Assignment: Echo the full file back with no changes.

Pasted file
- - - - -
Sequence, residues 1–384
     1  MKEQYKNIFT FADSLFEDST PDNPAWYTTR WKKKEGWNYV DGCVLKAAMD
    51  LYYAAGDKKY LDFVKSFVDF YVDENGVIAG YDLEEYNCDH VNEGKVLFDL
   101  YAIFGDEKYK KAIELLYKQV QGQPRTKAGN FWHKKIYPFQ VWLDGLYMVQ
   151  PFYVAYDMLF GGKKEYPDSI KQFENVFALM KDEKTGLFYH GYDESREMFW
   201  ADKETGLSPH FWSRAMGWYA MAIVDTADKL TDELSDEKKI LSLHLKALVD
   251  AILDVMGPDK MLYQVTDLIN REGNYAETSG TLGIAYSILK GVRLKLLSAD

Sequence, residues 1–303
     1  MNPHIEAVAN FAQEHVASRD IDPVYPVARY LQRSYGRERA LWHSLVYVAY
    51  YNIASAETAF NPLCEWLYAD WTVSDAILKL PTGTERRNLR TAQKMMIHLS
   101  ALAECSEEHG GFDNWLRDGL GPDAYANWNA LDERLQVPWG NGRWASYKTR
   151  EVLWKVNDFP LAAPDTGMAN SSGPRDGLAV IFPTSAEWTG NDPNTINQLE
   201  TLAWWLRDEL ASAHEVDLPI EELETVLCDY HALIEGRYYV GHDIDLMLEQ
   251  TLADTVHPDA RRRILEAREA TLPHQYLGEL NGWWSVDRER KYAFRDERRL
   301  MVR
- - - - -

Sequence, residues 1–384
     1  MKEQYKNIFT FADSLFEDST PDNPAWYTTR WKKKEGWNYV DGCVLKAAMD
    51  LYYAAGDKKY LDFVKSFVDF YVDENGVIAG YDLEEYNCDH VNEGKVLFDL
   101  YAIFGDEKYK KAIELLYKQV QGQPRTKAGN FWHKKIYPFQ VWLDGLYMVQ
   151  PFYVAYDMLF GGKKEYPDSI KQFENVFALM KDEKTGLFYH GYDESREMFW
   201  ADKETGLSPH FWSRAMGWYA MAIVDTADKL TDELSDEKKI LSLHLKALVD
   251  AILDVMGPDK MLYQVTDLIN REGNYAETSG TLGIAYSILK GVRLKLLSAD

Sequence, residues 1–303
     1  MNPHIEAVAN FAQEHVASRD IDPVYPVARY LQRSYGRERA LWHSLVYVAY
    51  YNIASAETAF NPLCEWLYAD WTVSDAILKL PTGTERRNLR TAQKMMIHLS
   101  ALAECSEEHG GFDNWLRDGL GPDAYANWNA LDERLQVPWG NGRWASYKTR
   151  EVLWKVNDFP LAAPDTGMAN SSGPRDGLAV IFPTSAEWTG NDPNTINQLE
   201  TLAWWLRDEL ASAHEVDLPI EELETVLCDY HALIEGRYYV GHDIDLMLEQ
   251  TLADTVHPDA RRRILEAREA TLPHQYLGEL NGWWSVDRER KYAFRDERRL
   301  MVR